There’s a long-term-care crisis in Canada that is crying out for short-term, very practical action.
Unfortunately, until this pandemic gripped the country, short-term fixes were not the federal government’s area of expertise. Nor is on-the-ground service delivery, as many of Canada’s Indigenous communities can attest.
It is now abundantly clear that what’s needed to repair the broken long-term-care system in Canada goes far beyond the usual round of government solutions, which too often boil down to bureaucratic processes: federal-provincial talks, inquiries, commissions and meetings.
Even the increasingly popular cries for a “national strategy” or “national standards” aren’t really all that hands-on or immediate. Strategies, we should remember, are just plans to accomplish things, and national standards are ultimately wishes, not results.
The chronic problems at Canada’s long-term-care institutions have been thrown into stark relief because governments stepped out of their safe zone of process and strategy when they called in the military.
The Canadian Forces personnel dispatched to reinforce resources at long-term-care homes in Ontario and Quebec didn’t hold meetings: They got down to work and almost immediately revealed the horror shows operating within several of the institutions.
There’s nothing abstract or bureaucratic about what they saw: elderly people living in pain, distress and very unhealthy conditions. When one learns that some patients of these institutions have been left sitting in soiled diapers for hours, calls for help unheeded, the natural, human reaction is not to say, “We should hold a meeting about this.”
But old habits die hard, even in a pandemic, and even the best-intentioned politicians, while acknowledging the kick in the gut they received from these findings, are lapsing back into process-speak.
“Absolutely, we need to have conversations about how we care for our elders in this country, right across the country, and respecting provincial jurisdiction, respecting that there are areas that have greater success and fewer problems than others,” Prime Minister Justin Trudeau said on Wednesday after the newest military report on long-term-care conditions in Quebec.
Trudeau used the word “conversation” nearly a dozen times in his daily briefing when discussing what Ottawa was going to do about the long-term-care nightmare.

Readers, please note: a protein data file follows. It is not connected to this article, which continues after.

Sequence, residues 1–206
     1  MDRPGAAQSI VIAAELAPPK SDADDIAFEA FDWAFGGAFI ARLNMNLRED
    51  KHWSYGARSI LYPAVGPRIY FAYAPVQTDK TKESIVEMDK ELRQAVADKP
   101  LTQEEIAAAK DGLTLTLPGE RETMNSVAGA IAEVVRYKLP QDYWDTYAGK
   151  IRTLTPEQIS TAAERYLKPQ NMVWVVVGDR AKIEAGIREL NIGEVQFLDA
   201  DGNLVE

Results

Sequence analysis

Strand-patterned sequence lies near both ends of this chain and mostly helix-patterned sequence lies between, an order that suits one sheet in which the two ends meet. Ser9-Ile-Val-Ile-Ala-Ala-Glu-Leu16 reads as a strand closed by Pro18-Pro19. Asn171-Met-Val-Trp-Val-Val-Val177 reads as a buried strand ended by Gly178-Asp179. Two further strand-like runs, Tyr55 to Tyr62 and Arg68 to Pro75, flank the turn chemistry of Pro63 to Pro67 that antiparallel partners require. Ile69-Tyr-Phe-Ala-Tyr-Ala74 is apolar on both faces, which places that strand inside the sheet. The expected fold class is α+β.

Federal Treasury Board president Jean-Yves Duclos was talking on Wednesday about conversations, administration and jurisdiction, too.
“There’s a normal administrative process that needs to be followed,” Duclos said at the ministerial briefing in Ottawa.
In several decades of reporting on politics, I’ve grown wary (and weary) of this idea that a meeting is a result in itself — or the suggestion that having a plan is the same as actually implementing one.
Stories about these developments make for some of the most agonizingly tedious journalism in the world, too. “Meeting planned” may rank right up there with “worthy Canadian initiative” among the world’s most boring headline phrases.
This is what has made the pandemic such a bracing change from politics as usual in government-land these past few months. Politicians are not just coming up with meetings and processes, but delivering real, tangible cheques and services to change people’s lives.
Trudeau has acknowledged throughout this crisis that government has slipped into a more practical gear to deal with the pandemic.
“We are being as nimble as we possibly can to respond to what’s working, to what perhaps isn’t working as we had hoped it would,” he said earlier this month.
Ottawa — and the provinces — need to stay in that gear to fix long-term care, not later, but now. Anxious families with relatives in long-term-care homes are not going to be reassured that governments are at work on planning meetings to come up with strategies and processes, or even national standards.
Nor are they going to be comforted by the idea that governments are going to get to work on sorting out who’s in charge of long-term-care homes.
Shuffling the issue from provinces up to the federal government might make some feel better, but that doesn’t mean the problem has received a promotion.
Again, Canada’s Indigenous communities can relate many stories of what happens when health and community-care issues on the ground get the Ottawa treatment.
It’s worth remembering that Stephen Harper was only unable to fulfil one of the five big promises he made on coming into office in 2006 — solving wait lists for health care. Making this real difference in people’s lives was beyond the federal skill set.
We are living in a time of physical distancing, but fixing the long-term-care horrors is not a job that can be done at a distance, as the hands-on military intervention revealed.
Meetings and conversations won’t cut it. The residents of long-term-care homes need to be rescued right now.
Susan Delacourt is a columnist with Torstar Syndication Services.